The Great Gatsby
In the novel The Great Gatsby, by F. Scott Fitzgerald, materialism corrupted many characters. Daisy blew off a life of happiness because she believed that material possessions were more important. Gatsby had low self-esteem because he could never have the belongings that would satisfy his love?s wants. Myrtle was given all the love in the world by her husband William, but she wanted what he couldn?t give her: money.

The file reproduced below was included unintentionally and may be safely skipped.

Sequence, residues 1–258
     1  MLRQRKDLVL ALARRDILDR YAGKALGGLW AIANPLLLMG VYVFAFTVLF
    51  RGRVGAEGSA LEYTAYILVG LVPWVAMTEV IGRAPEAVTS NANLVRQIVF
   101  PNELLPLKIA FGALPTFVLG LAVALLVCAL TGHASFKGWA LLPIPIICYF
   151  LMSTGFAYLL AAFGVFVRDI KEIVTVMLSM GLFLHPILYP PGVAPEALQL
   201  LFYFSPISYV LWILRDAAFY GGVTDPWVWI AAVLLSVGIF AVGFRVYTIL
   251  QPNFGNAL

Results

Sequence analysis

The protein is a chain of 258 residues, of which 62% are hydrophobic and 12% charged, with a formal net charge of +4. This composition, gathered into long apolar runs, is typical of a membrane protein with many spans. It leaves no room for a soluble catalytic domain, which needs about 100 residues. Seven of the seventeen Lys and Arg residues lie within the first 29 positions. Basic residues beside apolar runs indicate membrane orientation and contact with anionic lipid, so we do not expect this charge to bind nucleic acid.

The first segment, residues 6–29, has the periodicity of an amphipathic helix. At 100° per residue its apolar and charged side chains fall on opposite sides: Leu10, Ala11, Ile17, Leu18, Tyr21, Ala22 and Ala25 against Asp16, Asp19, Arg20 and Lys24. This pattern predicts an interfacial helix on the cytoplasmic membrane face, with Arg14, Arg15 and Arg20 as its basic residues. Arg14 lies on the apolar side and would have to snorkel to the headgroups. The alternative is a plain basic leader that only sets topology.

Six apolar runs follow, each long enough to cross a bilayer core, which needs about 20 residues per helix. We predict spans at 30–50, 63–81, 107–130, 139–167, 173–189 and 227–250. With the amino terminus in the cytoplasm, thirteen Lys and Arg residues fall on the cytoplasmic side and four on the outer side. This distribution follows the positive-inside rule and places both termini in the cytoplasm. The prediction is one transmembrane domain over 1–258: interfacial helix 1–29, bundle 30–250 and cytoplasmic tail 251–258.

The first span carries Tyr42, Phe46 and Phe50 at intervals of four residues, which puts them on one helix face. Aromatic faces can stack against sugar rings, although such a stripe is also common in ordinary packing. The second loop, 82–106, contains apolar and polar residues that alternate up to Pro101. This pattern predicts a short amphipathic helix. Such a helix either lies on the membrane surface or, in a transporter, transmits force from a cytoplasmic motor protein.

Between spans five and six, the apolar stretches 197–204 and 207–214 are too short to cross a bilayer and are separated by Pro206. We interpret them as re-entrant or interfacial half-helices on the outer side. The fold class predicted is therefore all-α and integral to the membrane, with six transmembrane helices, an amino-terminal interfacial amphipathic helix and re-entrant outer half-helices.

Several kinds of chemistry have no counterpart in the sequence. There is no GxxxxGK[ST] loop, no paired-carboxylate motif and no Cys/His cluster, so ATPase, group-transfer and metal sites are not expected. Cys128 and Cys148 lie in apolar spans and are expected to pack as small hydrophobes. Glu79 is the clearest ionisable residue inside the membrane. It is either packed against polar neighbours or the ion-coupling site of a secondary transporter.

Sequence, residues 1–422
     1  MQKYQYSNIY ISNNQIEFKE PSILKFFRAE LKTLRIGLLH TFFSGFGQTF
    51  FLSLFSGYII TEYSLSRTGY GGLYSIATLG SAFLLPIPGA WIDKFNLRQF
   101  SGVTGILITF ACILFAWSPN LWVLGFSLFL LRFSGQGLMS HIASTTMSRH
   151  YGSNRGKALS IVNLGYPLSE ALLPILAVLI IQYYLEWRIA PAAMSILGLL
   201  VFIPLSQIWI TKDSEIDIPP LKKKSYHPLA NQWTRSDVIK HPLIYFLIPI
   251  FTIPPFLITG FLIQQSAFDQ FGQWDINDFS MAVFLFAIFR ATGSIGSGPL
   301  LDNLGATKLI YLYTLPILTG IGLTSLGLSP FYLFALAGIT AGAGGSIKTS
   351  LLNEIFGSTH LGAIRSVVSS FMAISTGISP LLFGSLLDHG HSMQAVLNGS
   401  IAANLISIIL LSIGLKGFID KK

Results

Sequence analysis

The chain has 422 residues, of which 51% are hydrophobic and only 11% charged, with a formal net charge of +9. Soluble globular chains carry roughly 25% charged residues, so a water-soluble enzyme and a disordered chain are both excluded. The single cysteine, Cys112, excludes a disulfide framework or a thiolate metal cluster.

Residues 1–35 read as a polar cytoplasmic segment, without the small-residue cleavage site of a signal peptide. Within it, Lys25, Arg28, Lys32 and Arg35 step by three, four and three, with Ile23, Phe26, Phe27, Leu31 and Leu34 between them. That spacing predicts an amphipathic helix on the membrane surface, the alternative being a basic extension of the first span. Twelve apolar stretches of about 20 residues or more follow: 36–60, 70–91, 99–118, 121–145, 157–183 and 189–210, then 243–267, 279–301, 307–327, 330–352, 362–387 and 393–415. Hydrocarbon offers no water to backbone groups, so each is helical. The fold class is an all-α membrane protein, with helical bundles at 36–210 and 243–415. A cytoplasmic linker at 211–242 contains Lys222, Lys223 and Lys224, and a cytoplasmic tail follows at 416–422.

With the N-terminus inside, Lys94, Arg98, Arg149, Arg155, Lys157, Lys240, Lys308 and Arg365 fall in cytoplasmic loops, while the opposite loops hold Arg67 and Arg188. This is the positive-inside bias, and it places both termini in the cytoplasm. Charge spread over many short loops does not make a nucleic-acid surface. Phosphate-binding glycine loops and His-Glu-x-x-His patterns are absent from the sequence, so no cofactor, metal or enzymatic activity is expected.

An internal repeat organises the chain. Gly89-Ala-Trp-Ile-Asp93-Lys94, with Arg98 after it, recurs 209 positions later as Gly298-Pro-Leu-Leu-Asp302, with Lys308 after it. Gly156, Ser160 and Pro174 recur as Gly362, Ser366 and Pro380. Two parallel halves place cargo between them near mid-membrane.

Daisy Buchanan was offered a life of satisfaction and love by Gatsby?s standard. She came from a wealthy family and had enjoyed a very comfortable life. When she met the young military playboy, life was a big box of fun and they fell madly in love. After her beau left for the army, she married a rich man from Chicago, Tom Buchanan. ?For Daisy was young and her artificial world was redolent of orchids and pleasant, cheerful snobbery and orchestras which set the rhythm of the year, summing up the sadness and suggestiveness of life in new tunes.? She allowed her want for the high life to overcome the passion she felt for Jay. Her life would never be the same and an emptiness would always be there. The only way in
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